Little Shop of Horrors | Live Live Cinema

June, 2015 | Milton Court, London

Theatre/Cinema events are becoming very common now and ranging in style though not often depth. In the last two years alone I’ve seen Cinematic Theatre in the hyper-detailed Shaubühne piece Frauline Julie, Kiss and Cry (a film-and-puppetry drama made with fingers,) Paper Cinema’s Odyssey with live music and drawing with object manipulation, Petruska, a collaboration of American company Giants Are Small and the New York Philharmonic, which had puppeteers moving around with different set-pieces and previous filmed scenes projected with live-feed like a cinema while the Orchestra played along (in both senses; internationally renowned conductor Alan Gilbert was dressed up at Magician, too.) I’ve seen Neil Gaiman reading one of his short stories alongside a quartet and projected illustrations (by Graphic Novel hero Eddy Campbell,) fringe companies recreating entire films in tiny theatres with minimal props, inviting the audience to use their imagination to fill the gaps, The Film Beasts of the Southern Wild with accompanying orchestra. Secret Cinema has evolved from the early ‘promenade cinema’ concept into a full-on immersive experience, not only being a cinema event but also making the audiences experience the events in the film, too (although I have never fancied paying £50 to have underpaid and oft’ exploited actors smile through gimmicky budget-consuming action sequences and excessive sets… it’s not even ‘Secret’ anymore, as they can generate hipster interest by announcing the retro film that’s billed as opposed to the revealing it after audiences go through the whole immersive ordeal. Maybe it has to be experienced to believe, though… I digress…)

…Live Live Cinema have not innovated, but rather filled the space between an actual film in a cinema and creating a film on the stage with a live-feed. It’s a simple trick and it works nicely (as far as everything else has) in that instead of creating a film you simply play a film on mute and re-dub it with new music. Little Shop of Horrors is a cult B-movie made with recycled sets of other B-movie films and was, incredibly, filmed over two days. It’s a simple plot where a group of zany characters get involved with a super venus fly-trap plant that has a taste for human flesh. Its quirkiness makes it ideal for a high-energy live-construction/reconstruction.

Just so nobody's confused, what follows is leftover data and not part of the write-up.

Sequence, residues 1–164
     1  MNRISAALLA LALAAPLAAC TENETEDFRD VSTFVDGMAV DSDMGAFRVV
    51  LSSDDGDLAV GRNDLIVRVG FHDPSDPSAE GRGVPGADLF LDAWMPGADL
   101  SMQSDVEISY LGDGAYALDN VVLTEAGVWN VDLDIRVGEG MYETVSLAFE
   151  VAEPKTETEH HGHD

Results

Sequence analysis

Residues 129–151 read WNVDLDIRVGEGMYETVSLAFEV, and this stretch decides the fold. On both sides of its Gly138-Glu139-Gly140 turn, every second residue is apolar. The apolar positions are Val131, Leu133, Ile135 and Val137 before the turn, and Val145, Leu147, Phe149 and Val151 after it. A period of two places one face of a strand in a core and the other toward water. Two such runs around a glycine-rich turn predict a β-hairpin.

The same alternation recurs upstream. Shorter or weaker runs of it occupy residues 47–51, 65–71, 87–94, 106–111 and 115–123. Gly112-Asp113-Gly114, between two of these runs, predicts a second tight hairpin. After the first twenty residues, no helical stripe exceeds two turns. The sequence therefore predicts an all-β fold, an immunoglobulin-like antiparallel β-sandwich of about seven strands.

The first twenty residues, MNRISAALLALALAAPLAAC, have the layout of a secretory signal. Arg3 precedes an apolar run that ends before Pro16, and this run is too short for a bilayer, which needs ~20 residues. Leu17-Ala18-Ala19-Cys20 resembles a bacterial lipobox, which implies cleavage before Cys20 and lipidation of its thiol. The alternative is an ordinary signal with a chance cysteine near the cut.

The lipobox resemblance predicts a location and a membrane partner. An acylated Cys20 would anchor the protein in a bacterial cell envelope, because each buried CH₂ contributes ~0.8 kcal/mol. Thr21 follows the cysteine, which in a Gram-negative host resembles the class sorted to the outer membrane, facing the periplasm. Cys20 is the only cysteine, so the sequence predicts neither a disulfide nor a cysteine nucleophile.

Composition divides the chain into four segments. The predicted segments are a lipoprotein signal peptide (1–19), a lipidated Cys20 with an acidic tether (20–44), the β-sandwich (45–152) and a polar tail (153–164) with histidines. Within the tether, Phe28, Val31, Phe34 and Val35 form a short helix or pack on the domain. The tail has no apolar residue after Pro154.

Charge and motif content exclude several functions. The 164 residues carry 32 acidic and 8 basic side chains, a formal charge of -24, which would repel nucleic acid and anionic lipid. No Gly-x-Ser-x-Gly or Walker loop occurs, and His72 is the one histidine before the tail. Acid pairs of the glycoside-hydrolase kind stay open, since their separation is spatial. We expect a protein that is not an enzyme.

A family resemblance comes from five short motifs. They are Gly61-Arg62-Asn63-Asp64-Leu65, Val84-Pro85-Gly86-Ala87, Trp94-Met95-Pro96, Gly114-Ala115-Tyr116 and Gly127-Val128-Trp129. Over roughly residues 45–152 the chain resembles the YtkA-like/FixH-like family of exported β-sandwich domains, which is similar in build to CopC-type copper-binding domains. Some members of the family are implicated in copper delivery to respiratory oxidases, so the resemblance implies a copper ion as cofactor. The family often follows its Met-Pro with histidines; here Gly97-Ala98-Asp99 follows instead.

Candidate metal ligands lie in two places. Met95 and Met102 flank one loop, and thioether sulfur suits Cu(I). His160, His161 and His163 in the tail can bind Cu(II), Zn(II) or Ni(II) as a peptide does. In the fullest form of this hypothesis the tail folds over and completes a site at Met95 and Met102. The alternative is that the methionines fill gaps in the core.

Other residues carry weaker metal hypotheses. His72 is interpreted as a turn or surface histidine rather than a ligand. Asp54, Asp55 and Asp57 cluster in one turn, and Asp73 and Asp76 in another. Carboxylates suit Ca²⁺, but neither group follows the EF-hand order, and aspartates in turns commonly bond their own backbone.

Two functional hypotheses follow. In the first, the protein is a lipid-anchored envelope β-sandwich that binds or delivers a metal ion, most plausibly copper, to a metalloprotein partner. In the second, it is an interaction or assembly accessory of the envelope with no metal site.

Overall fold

Firstly, Leon Radojkovic composed a new score that the four performers had to time perfectly to the film. Secondly, the same performers had to take on characters, learn all their lines and lip-sync through to the end, a highly entertaining challenge. Thirdly, they had to negotiate a very busy stage full of props, instruments and gimmicks to create the sound effects. It worked because the audience are treated to the exposed workings of piece. It’s exciting to watch performers anticipate the next move/sound and everyone is in on the gag, or preparing for the next gag, or unaware that the gag is about to happen at all. Either way, the audience are much more involved with the process.

This set-up creates inherent support for the performers, a bit like genius clown play: the audience either anticipate the action or are surprised by it but it’s almost always satisfying when it’s executed as the company become more and more imaginative. They seemingly indulged in the silliest of suggestions such as an angle grinder spraying sparks across the set while the sadistic on-film dentist drills away in someone’s mouth.

It was most successful when the performers started breaking the established structure. The little bell hanging just over their heads is struck every time the shop door opened, but then it’s raised just out of reach and the performer starts grabbing long items and props to get it. The players often have to give each other props and prepare stations for each other, but then they start withholding these objects and adding pressure to the task. Whatever happens the company keep the situation as a joke, like when one performer forgot his lines and desperately tried to keep up with the lip-syncing. It broke the spell but the others acknowledged it, laughed and patted his shoulder. This kept the piece relaxed against the hyperactive task of keeping it going.

The only issue I had was when it was accidently mistimed due to lack of precision. In this type of performance the structure needs to remain solid before you shake it up in the ways I just mentioned. For example, whenever characters walked about the performers bizarrely just stomped their feet and it was messy. The metal bin was kicked about and was heard a few seconds too long. Anything a few seconds too long should be tidied. In the already challenging task of keeping everything perfect, you can’t allow for slack action and audio. Get the footsteps spot-on and THEN mess it up (case in point, the doorbell being out of reach.)

The show is a good laugh and the concept is positive for live performance as well as being a tribute to old quirky movies, the music was original and the general effect was successful.

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